Hatred and intolerance is rarely limited to one group
A few weeks ago, USC Student Body President Rini Sampath posted on her Facebook page about incidents of hatred and intolerance on campus. A Saturday night after a USC football game, Sampath had been walking down USC’s Fraternity Row when a man leaned out his frat house window and hurled a racial epithet and a beverage cup at her. Sampath’s post about the incident touched off a storm, with reports from the Washington Post, Los Angeles Times, and NBC News, as well as responses from USC officials and a forum about intolerance on campus.
However, while the racial epithet against Sampath was widely publicized and discussed, Sampath herself had discussed a second incident that day which received almost no coverage and no public response. That Saturday game-day morning, a friend of Sampath’s attempted to join a fraternity-hosted tailgate. The members of the fraternity excluded the USC student, firing a three-lettered homophobic slur at him in the process. That night, a member from that same fraternity hurled his drink and his racist comment at Sampath.
The fraternity in question, after considerable media attention, suspended the drink-and-epithet hurling member and evicted him from the frat house. However, the fraternity made no mention of the incident that Saturday morning, has apparently not investigated the matter, and presumably will not be pursuing action against its homophobic tailgate hosts.
As a USC student I believe this is a significant problem. The Trojan family and the wider world must be aware that incidents of hatred and intolerance are rarely isolated. Campus cultures or institutions that allow or tolerate racial hatred and intolerance will likely also allow and tolerate homophobic, misogynist, transphobic and other discriminatory or hateful attitudes.
Learning from the Pyramid of Hate
USC Shoah Foundation’s Pyramid of Hate lesson recognizes that hatred and intolerance escalates from prejudiced attitudes, such as accepting stereotypes or allowing belittling jokes, all the way to genocide, the deliberate and systematic extermination of an entire people. Each step in the pyramid grows on the last- prejudiced attitudes lead to prejudiced actions, prejudice leads to discrimination, and discrimination leads to violence. While the actions of one frat boy late on a Saturday do not constitute genocide, they represent USC’s progression down a road that has led to the worst crimes imaginable. USC needs to remain vigilant to prejudicial attitudes, acts of prejudice and discrimination on campus so we do not move farther up the pyramid.
The best time to combat these harmful beliefs and accepted actions on campus is now. Intervening in this process once serious discrimination, targeted violence, or genocides are happening is always more costly, more hazardous, and less likely to succeed. USC needs to nip these unacceptable norms and practices in the bud before they bloom into something even worse.
Learning through Testimony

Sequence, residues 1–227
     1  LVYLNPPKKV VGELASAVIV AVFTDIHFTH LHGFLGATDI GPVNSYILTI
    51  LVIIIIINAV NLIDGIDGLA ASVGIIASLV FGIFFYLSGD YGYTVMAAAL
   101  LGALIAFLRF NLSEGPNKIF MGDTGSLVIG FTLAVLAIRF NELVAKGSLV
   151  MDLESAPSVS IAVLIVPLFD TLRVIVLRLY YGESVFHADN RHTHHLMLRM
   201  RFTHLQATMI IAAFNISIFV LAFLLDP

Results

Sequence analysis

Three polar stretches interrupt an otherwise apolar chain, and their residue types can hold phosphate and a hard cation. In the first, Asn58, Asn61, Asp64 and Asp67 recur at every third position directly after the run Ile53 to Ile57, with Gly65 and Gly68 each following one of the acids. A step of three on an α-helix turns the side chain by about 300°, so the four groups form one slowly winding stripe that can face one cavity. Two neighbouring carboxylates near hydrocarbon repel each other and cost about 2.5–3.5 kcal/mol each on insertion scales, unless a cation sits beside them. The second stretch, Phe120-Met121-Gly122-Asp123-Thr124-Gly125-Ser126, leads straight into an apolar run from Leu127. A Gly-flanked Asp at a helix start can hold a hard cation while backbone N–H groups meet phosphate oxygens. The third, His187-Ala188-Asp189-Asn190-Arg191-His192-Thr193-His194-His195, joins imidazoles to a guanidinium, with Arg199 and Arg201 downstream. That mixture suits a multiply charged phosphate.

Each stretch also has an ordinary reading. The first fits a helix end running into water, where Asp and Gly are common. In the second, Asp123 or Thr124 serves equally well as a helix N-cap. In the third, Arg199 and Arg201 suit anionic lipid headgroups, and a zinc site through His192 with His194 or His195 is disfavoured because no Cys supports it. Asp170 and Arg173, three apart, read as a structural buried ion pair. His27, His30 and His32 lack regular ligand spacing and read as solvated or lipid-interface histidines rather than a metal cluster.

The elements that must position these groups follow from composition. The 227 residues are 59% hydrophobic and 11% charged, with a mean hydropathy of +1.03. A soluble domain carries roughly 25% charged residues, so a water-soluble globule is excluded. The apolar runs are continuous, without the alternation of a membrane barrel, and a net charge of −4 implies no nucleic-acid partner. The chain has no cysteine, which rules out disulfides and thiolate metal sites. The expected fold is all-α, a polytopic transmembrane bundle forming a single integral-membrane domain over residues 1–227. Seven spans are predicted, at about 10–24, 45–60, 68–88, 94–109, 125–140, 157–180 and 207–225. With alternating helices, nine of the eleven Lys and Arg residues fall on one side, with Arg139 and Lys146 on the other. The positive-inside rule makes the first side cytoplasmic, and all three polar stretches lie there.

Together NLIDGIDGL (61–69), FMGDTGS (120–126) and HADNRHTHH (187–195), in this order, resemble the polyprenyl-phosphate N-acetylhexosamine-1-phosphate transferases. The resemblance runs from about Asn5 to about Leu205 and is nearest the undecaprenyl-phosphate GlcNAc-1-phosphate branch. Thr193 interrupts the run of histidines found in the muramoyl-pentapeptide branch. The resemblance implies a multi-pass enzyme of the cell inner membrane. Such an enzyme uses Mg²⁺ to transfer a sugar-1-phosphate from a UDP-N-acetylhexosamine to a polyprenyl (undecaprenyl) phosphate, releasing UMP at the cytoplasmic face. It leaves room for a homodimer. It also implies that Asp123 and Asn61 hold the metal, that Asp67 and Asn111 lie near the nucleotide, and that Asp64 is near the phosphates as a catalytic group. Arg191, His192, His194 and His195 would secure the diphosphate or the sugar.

As I see these modern day acts of discrimination, I connect these acts to testimony and reflect on what I have researched as an intern here at USC Shoah Foundation. During the Holocaust, Nazis targeted homosexuals, political prisoners, Roma and Sinti, people with disabilities, and other marginalized groups for extermination, in addition to six million Jews. USC Shoah Foundation’s Visual History Archive contains hundreds of testimonies from people that the Nazis tried to murder because the Nazis deemed these groups of people inferior to Aryan Germans.
Julia Lentini, a Roma Sinti (Gypsy) survivor, recalls being packed into a cattle car with her family for the three-day trip to the Auschwitz-Birkenau Extermination Camp: “That whole train was just full of prisoners, haeftlinge… Jewish people, Gypsy people, Polish people, political people, all kinds in the different wagons. … three days later, we did stop in Auschwitz.” The Nazis did not contain their genocide to one group of people.
Implementing Lessons of Tolerance
On this campus we must realize that hatred and discrimination against any group needs to be confronted, because that hatred and discrimination can grow and proliferate to target other groups of people. Poet Martin Niemöller, who spent seven years imprisoned in concentration camps, wrote about the dangers of inaction in his poem “First They Came."
First they came for the Socialists, and I did not speak out—
Because I was not a Socialist.
Then they came for the Trade Unionists, and I did not speak out—
Because I was not a Trade Unionist.
Then they came for the Jews, and I did not speak out—
Because I was not a Jew.
Then they came for me—and there was no one left to speak for me.
We as USC students need to oppose all hatred and intolerance on campus. If we do not act, hateful and intolerant attitudes will fester, grow, and multiply. Intolerance, left unchecked, threatens every club, organization, group, and person on this campus.
It’s time for Trojans to stand up and speak out.
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